The NT kernel then brings all the pages that belong to the section in memory and makes them private. Those pages are then marked as read-only in the leaf Page Table Entry (PTE) structures. At this stage, the NT kernel can finally call the Secure kernel for protecting the underlying physical pages through the SLAT. The Secure kernel applies this protection in two stages:
- Register all the physical pages that belong to the section and mark them as "owned by VTL0" by adding the proper normal table addresses in the database and updating the underlying secure PFNs which belong to VTL1. This allows the Secure kernel to track the physical pages, which still belong to the NT kernel.
- Apply the read-only protection to the VTL0 SLAT table.
The target image's section is now protected and no entity in VTL0 will be able to write to any of the pages belonging to the section.
Although Microsoft seems to market this as protecting code execution it actually doesn't do that at all. As it's name suggests it is "Data Protection" all this feature does is protect data from being accessed from one kernel to another (NT->Secure). The entire purpose of this is that if you manage to get code execution in the NT kernel you cannot read data that has been defined to be stored in the VTL1 memory space or execute code in VTL1. Nor can you perform any form of memory corruption on the data in the VTL1 memory space. This doesn't prevent kernel exploits. You can still run them in VTL0.1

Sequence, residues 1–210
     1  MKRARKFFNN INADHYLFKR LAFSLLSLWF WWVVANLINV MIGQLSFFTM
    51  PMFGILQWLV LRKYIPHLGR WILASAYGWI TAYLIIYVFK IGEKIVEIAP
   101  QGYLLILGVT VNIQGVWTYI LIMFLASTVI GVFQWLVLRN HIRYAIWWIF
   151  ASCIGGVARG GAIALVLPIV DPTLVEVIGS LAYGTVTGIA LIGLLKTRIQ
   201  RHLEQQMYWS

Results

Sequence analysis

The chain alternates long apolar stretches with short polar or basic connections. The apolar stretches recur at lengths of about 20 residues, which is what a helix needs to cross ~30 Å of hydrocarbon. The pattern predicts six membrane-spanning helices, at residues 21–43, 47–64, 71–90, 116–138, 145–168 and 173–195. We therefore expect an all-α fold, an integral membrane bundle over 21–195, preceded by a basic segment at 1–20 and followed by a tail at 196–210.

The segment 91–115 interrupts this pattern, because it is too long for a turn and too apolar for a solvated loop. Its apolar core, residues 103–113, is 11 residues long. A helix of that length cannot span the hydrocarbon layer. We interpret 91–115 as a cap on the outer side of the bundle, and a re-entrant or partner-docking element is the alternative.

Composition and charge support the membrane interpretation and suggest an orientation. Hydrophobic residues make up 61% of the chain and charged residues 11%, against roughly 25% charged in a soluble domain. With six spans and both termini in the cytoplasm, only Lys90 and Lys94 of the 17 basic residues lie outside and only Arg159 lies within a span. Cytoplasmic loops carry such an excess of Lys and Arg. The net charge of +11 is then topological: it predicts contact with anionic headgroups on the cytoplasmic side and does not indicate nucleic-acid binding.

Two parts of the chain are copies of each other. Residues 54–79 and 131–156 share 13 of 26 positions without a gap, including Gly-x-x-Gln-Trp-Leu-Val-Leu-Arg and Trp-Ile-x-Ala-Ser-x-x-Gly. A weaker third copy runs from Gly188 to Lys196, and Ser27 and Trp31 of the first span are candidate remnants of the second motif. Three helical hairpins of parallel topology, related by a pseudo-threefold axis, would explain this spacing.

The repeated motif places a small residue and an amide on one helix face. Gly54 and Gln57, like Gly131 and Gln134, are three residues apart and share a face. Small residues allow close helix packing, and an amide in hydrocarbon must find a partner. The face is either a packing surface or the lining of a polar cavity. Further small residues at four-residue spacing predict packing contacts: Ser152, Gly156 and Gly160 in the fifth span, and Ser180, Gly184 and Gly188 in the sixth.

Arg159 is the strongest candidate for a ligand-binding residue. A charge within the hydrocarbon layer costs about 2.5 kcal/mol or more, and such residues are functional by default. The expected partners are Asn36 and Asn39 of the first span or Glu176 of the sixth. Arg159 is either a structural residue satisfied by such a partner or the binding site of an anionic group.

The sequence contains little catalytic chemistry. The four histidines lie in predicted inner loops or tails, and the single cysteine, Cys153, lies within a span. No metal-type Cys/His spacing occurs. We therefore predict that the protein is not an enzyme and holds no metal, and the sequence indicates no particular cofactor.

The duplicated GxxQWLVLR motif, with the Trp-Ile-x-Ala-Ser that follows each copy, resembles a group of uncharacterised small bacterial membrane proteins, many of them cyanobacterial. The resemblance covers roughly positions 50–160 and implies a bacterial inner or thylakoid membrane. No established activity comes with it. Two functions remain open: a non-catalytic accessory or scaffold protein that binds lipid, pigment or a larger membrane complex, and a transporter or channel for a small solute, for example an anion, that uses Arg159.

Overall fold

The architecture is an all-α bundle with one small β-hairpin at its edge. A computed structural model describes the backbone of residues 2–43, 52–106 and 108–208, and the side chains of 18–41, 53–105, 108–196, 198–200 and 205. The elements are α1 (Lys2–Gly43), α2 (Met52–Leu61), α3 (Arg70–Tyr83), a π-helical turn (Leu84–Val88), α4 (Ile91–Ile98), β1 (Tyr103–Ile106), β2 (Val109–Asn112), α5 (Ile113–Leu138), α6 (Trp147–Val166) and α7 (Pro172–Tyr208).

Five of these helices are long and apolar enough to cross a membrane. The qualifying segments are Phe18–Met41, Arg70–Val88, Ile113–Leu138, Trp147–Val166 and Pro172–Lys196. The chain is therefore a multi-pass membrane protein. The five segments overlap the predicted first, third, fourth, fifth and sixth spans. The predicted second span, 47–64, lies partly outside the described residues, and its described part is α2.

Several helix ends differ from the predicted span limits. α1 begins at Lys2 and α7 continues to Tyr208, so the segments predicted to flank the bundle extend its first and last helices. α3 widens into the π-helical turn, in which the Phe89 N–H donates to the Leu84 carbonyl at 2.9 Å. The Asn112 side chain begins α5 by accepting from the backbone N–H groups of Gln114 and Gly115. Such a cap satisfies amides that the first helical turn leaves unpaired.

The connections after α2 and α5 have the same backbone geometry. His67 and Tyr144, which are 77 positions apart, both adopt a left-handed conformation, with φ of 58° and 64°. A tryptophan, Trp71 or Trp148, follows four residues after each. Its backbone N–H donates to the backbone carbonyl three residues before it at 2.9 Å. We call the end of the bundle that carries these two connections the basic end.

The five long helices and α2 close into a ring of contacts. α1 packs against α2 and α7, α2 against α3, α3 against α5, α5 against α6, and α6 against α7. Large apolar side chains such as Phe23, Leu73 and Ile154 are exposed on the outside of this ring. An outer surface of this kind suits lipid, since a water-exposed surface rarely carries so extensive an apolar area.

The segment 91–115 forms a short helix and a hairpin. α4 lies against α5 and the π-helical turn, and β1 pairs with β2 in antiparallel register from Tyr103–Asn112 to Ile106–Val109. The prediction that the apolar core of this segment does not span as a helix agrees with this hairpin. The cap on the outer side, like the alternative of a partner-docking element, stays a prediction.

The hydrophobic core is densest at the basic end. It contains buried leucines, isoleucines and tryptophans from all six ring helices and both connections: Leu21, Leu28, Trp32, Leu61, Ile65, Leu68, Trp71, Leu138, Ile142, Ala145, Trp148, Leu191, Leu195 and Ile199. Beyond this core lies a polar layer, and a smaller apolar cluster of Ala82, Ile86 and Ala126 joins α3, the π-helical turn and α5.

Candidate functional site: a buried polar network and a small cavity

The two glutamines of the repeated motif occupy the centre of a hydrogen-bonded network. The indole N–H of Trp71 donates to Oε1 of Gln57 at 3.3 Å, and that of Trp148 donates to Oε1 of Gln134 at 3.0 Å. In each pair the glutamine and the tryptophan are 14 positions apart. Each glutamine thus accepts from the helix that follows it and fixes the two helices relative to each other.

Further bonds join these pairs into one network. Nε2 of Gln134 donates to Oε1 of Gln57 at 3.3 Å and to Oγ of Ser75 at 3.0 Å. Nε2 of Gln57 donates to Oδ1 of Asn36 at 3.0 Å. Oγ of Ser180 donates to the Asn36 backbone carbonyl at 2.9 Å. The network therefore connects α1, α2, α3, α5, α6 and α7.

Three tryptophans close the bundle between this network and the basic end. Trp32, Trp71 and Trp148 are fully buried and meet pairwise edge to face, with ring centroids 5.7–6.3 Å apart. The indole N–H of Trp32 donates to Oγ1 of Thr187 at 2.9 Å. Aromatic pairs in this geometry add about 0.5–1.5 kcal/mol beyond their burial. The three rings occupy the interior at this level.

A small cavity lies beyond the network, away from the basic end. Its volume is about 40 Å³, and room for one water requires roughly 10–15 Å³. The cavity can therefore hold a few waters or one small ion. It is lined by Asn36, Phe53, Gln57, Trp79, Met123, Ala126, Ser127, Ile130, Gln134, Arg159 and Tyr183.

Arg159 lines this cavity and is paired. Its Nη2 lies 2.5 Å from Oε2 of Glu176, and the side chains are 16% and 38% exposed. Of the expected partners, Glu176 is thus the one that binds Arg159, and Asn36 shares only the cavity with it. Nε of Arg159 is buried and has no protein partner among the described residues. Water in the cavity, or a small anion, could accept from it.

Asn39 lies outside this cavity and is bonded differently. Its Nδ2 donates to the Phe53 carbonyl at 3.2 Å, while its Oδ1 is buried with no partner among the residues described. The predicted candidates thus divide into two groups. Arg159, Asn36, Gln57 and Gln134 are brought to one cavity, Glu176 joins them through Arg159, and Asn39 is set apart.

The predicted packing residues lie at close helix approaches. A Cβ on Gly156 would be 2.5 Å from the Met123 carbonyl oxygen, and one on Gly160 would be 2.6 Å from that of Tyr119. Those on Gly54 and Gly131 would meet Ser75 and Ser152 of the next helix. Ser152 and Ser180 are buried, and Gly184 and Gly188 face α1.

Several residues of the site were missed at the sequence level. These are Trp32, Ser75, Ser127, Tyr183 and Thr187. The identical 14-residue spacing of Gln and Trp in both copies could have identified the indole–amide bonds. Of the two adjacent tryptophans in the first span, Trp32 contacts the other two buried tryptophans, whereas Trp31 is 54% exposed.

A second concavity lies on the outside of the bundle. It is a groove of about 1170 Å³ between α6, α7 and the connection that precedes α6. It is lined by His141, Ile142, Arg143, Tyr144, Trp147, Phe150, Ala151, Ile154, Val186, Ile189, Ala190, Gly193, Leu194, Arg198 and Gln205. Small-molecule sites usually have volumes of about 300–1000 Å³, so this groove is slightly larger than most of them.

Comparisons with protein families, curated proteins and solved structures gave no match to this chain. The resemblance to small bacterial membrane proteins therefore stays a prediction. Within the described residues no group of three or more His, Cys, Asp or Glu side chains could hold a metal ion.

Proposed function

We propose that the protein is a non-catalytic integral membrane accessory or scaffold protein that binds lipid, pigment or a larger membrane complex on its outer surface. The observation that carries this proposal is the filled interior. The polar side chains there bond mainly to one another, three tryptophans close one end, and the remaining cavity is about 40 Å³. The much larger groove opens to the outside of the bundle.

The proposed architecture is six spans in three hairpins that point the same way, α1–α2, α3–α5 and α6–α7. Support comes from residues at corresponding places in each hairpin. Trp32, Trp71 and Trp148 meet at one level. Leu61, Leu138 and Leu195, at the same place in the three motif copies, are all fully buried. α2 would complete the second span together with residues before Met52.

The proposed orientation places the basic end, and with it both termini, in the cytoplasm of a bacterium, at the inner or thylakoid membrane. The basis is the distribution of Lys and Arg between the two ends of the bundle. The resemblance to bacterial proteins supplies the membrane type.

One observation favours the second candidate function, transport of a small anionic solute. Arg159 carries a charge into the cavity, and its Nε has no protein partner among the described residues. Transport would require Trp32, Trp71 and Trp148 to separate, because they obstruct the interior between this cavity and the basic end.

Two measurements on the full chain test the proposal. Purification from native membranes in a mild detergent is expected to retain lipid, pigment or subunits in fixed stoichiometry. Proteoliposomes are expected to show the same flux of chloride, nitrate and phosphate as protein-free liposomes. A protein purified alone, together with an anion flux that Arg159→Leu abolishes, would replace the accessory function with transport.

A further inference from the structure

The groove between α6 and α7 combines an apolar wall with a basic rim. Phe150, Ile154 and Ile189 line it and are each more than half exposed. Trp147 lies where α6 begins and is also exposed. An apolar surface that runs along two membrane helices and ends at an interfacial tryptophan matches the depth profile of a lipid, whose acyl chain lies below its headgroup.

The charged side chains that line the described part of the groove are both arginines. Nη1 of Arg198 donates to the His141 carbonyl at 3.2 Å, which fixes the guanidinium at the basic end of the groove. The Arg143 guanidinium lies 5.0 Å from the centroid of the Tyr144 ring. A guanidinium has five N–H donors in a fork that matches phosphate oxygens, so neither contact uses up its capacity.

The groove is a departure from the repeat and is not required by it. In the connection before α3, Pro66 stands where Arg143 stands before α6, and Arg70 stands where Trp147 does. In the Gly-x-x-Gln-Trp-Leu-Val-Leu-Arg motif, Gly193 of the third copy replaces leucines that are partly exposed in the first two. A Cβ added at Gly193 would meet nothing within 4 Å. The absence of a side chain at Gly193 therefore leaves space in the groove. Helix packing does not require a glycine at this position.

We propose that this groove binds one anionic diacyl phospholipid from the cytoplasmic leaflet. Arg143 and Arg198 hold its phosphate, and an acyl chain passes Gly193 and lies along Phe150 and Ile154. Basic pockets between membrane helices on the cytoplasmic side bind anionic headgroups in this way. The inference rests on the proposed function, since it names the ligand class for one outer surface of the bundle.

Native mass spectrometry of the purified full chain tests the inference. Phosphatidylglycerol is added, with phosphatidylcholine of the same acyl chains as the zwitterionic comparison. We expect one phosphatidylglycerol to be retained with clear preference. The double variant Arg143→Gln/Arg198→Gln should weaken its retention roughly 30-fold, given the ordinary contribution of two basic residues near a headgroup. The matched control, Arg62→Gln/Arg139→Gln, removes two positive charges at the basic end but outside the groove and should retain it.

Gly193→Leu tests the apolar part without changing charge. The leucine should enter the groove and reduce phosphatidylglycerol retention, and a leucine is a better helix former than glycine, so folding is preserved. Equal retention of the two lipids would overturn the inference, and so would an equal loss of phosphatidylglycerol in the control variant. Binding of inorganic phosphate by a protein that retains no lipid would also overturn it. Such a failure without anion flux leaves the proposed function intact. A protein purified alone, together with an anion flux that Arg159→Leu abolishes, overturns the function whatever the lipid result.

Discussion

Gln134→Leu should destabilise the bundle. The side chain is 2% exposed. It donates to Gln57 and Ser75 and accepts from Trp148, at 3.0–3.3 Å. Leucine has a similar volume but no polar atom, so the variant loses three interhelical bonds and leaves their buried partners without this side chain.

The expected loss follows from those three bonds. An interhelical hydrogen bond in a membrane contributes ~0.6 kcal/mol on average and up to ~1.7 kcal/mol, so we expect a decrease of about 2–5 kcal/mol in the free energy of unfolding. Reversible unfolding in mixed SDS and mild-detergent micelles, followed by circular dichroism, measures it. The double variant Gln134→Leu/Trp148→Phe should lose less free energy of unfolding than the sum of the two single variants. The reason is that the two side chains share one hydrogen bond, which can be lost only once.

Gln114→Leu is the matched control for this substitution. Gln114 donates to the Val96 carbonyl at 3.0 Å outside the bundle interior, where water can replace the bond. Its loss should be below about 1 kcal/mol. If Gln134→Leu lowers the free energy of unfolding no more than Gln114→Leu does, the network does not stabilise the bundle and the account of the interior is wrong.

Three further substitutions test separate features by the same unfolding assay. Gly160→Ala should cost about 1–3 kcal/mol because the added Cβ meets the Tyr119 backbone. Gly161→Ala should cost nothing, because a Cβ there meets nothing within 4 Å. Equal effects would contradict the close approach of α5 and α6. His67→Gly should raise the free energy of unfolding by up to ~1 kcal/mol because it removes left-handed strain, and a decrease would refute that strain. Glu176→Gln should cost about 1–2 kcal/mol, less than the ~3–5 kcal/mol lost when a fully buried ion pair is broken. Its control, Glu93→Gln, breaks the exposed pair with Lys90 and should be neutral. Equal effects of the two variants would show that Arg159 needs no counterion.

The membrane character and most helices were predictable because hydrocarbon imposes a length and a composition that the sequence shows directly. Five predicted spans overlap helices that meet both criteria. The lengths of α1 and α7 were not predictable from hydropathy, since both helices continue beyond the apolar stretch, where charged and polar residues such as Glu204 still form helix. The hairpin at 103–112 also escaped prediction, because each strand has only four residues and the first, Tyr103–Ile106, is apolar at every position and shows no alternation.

One thing this does a good job at protecting is Hypervisor-Protected Code Integrity (HVCI) from being disabled. In the past there have been attacks where someone finds a vulnerable piece of driver software and then using that vulnerability they turn off HVCI. However, this is an overall goal of VBS not just KDP specifically. KDP is just one set of APIs to help achieve this goal.
Usefulness in Mitigation
As far as mitigation goes - Static KDP isn't that useful. In-fact, the whole technology stack this makes up is generally more geared towards isolation of data more-so than kernel execution prevention.